In Santa Clara, Cuba, Archipielago Proposes Taking to the Streets in a Decentralized Manner on 15 November

Activist and business owner, Saily González, with a demand submitted to the Administration of Santa Clara at the end of October. (Twitter)

14ymedio bigger14ymedio, Havana, November 9, 2021 — Facing harassment by State Security and the local government, Archipiélago in Santa Clara announced this Tuesday “replacing the initial proposal” of a march on November 15th (15N). The new strategy proposed taking to the streets in “a decentralized manner from any point in the city.”

The convening will still take place at 3:00 pm and participants should wear white. The group requested that those who go out on that day join others they “recognize as supporters of the peaceful protest” and attempt to “make an offering of flowers to any of our heroes,” but “always following the principles of civility and rejecting violence.”

They also suggested avoiding confrontation with those who comply with the regime’s “combat order” and distancing themselves from repressive forces such as “policemen, special forces, Brigadas de Respuesta Rápida (BRR) [Rapid Response Brigades], and any other that the Government manages to convene on that day to repress the protest.”

Archipiélago requested that protesters distance themselves from MLC stores [those that only take payment in hard currency] to “avoid possible infiltrators” who have been ordered by the political police “to attack them,” and also “energetically sing” the National Anthem “in front of the Cuban hero.”

The group reiterated that it will go out on 15N to express themselves against violence, demand the release of political prisoners, that the rights of all Cubans be respected, and that there be a democratic resolution of differences between civil society and the Government of the Island “through democratic and peaceful means.”

Among the concerns that resulted in the modifications to the 15N activities, what stood out was that the “Department of State Security would infiltrate” the ranks of the group to “commit criminal and violent acts against people and public property and that the BRR, responding to President Miguel Díaz-Canel’s combat order, would lash out against the protesters, thus provoking bloodshed and violent confrontations.”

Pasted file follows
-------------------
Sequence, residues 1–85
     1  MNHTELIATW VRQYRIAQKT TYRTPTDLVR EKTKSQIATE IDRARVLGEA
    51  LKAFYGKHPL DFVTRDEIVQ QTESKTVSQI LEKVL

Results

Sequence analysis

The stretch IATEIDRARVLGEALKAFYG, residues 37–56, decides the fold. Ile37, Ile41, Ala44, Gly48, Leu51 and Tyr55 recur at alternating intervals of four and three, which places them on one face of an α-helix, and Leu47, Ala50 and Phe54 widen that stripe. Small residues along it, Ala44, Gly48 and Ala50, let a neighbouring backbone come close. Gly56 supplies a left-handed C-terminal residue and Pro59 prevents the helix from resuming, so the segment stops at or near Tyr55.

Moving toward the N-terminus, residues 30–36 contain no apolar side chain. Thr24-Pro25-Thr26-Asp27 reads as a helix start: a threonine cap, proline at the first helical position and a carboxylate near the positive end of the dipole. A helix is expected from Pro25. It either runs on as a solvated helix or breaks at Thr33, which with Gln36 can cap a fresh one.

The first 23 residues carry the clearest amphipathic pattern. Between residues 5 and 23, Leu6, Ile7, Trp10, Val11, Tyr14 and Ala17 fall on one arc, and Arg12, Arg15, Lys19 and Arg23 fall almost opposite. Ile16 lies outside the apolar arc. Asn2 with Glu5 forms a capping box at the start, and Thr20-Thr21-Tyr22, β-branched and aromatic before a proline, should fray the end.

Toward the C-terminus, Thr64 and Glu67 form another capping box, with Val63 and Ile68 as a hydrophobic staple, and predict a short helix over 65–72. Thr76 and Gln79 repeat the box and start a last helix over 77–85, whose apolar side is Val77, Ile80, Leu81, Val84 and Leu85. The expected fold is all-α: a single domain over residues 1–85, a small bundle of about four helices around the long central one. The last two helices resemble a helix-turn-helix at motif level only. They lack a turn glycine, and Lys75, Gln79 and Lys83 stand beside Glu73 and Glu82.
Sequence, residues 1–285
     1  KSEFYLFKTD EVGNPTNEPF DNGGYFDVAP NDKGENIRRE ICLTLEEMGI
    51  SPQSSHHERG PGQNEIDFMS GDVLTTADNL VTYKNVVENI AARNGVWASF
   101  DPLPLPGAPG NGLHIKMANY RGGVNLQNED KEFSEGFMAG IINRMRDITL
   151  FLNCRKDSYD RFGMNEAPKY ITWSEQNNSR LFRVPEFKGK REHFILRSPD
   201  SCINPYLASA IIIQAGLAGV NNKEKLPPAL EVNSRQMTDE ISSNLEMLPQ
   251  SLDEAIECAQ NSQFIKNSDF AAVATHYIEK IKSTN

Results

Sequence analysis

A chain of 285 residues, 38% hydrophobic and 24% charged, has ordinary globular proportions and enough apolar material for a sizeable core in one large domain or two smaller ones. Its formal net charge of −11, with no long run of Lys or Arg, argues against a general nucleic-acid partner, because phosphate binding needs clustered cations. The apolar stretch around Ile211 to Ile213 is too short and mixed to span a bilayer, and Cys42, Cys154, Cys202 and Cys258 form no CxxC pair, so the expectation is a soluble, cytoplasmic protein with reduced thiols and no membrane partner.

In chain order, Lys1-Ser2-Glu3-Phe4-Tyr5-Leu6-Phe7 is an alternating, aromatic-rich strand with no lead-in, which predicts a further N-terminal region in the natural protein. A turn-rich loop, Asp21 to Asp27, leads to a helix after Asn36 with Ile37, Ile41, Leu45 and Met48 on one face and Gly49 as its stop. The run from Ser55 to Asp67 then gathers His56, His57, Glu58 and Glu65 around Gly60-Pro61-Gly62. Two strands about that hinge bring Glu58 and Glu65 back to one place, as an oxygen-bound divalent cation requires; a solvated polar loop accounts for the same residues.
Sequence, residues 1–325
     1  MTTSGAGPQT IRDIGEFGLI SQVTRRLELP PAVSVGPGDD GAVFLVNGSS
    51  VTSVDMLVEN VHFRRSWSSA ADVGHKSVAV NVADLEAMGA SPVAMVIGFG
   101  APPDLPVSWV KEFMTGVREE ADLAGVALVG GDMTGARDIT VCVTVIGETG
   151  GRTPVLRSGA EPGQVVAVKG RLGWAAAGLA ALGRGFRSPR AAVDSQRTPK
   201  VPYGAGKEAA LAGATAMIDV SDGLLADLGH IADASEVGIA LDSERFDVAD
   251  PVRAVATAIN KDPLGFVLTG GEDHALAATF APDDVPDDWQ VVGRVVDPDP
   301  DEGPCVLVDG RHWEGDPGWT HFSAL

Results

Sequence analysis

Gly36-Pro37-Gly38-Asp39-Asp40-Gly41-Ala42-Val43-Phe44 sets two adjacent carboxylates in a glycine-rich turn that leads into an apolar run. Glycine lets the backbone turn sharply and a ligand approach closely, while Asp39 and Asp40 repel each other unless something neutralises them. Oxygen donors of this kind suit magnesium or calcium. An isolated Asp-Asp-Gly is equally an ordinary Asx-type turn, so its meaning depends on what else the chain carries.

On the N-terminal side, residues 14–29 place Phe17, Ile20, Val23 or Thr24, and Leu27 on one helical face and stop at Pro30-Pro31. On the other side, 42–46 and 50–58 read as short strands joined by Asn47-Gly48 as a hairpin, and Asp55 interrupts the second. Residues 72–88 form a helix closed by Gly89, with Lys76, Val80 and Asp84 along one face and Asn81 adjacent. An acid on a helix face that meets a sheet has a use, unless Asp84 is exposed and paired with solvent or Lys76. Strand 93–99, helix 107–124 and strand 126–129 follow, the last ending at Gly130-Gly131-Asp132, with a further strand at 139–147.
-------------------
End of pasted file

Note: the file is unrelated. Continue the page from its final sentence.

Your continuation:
This Monday, the group has called for a massive cazerolazo [beating of pots and pans] on November 14th and 15th, at 8 pm, in support of Cubans who will go out to march and for the more than 600 citizens who remain in prison and are being sentenced to exemplary penalties for exercising their right to dissent.

“Sound your pots for the needed changes in Cuba and because we deserve a dignified life,” they requested on their social media.

Since the Civic March for Change was announced, first for November 20th and later rescheduled for 15N, the members of Archipiélago have suffered repressive acts, they’ve been summoned by the Prosecutor’s Office and State Security and some have even been fired, among them, doctor Manuel Guerra and university professor David Alfredo Martínez Espinosa.

On the other hand, the Asamblea de Resistencia Cubana (ARC) [Assembly of the Cuban Resistance], which comprises over 35 associations that fight for democracy on the Island, encouraged Hispanics in Miami, and especially Venezuelans and Nicaraguans to join a caravan in support of the Civic March for Change next Sunday.

The call is for Venezuelans and Nicaraguans to participate as citizens of “two countries governed by dictatorships, as has occurred in Cuba for 61 years,” stated the organization in a communication shared Tuesday.

“This caravan is not only for Cubans, people of other nationalities, such as Nicaraguans and Venezuelans who are a part of this struggle, are also invited and have confirmed their attendance,” affirmed Orlando Gutiérrez-Boronat, ARC’s coordinator.

At the end of the parade of vehicles, next to Miami’s Freedom Tower, participants will be able to join a flotilla and a human chain of solidarity organized by Movimiento Democracia [Democracy Movement], presided by Ramón Saúl Sánchez, also in support of 15N.

The Civic March on November 15 provides continuity to the protests which erupted in many cities of the country demanding a democratic change; these were harshly repressed by the Government presided over by Miguel Díaz-Canel.

Translated by: Silvia Suárez


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